Relief may be in sight for some women. Last spring, the federal Centers for Medicare & Medicaid Services sent guidance to Part D plans that they could cover drugs to treat moderate to severe “dyspareunia,” or painful intercourse, caused by menopause. Plans aren’t required to offer this coverage, but they may do so, according to CMS officials.
The North American Menopause Society applauded the change.
“Dyspareunia is a medical symptom associated with the loss of estrogen,” said Kingsberg. “They had associated it with sexual dysfunction, but it’s a menopause-related issue.”
For men who suffer from erectile dysfunction, treatment can confer both physical and emotional benefits, according to experts in sexual health.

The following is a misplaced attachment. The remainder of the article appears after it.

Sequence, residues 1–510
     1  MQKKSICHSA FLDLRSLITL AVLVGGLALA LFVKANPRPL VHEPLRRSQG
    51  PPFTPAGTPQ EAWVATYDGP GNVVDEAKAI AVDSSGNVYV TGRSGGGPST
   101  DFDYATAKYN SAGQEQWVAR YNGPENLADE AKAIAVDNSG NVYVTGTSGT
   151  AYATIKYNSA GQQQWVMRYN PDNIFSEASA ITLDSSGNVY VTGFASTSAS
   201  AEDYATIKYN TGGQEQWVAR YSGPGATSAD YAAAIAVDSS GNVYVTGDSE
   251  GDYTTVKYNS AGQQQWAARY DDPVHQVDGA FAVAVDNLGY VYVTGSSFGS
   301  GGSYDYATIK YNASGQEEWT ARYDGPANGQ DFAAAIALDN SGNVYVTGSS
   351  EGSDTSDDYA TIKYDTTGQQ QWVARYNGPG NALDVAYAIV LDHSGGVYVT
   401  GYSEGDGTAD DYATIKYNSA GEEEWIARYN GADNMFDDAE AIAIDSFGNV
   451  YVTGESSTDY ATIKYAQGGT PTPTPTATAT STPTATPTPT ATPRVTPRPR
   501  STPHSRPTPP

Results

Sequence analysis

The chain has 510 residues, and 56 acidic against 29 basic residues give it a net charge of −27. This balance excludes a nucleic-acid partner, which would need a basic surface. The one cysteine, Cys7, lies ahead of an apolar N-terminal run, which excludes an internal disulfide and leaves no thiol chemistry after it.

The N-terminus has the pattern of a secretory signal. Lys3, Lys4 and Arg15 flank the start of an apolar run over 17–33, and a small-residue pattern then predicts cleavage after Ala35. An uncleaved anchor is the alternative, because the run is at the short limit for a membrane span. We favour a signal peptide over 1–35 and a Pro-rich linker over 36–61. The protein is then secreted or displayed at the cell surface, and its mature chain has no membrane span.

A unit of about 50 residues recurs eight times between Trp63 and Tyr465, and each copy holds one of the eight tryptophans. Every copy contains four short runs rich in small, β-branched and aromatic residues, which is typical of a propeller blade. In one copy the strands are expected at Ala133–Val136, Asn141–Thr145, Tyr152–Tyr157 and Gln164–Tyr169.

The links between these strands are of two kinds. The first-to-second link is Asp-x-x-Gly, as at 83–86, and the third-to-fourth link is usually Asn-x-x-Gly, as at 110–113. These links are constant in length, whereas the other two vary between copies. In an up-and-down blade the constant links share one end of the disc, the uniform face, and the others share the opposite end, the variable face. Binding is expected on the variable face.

“In my clinical work, I see a lot of older couples,” said Sandra Lindholm, a clinical psychologist and sex therapist who is also a nurse practitioner in Walnut Creek, Calif. “They are very interested in sex, and they feel like they’re able to embrace their erotic lives. But there may be medical issues that need to be addressed.”
Roughly 40 percent of men over age 40 have difficulty getting or maintaining an erection, studies show, and the problem increases with age. A similar percentage of postmenopausal women experience genitourinary syndrome of menopause, a term used to describe a host of symptoms related to declining levels of estrogen, including vaginal dryness, itching, soreness and pain during intercourse, as well as increased risk of urinary tract infections.